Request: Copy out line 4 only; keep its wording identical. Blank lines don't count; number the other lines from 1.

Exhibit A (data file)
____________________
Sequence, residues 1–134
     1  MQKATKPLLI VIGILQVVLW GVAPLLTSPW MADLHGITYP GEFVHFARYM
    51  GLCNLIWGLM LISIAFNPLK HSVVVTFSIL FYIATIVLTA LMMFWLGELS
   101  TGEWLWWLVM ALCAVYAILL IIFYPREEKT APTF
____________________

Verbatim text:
   101  TGEWLWWLVM ALCAVYAILL IIFYPREEKT APTF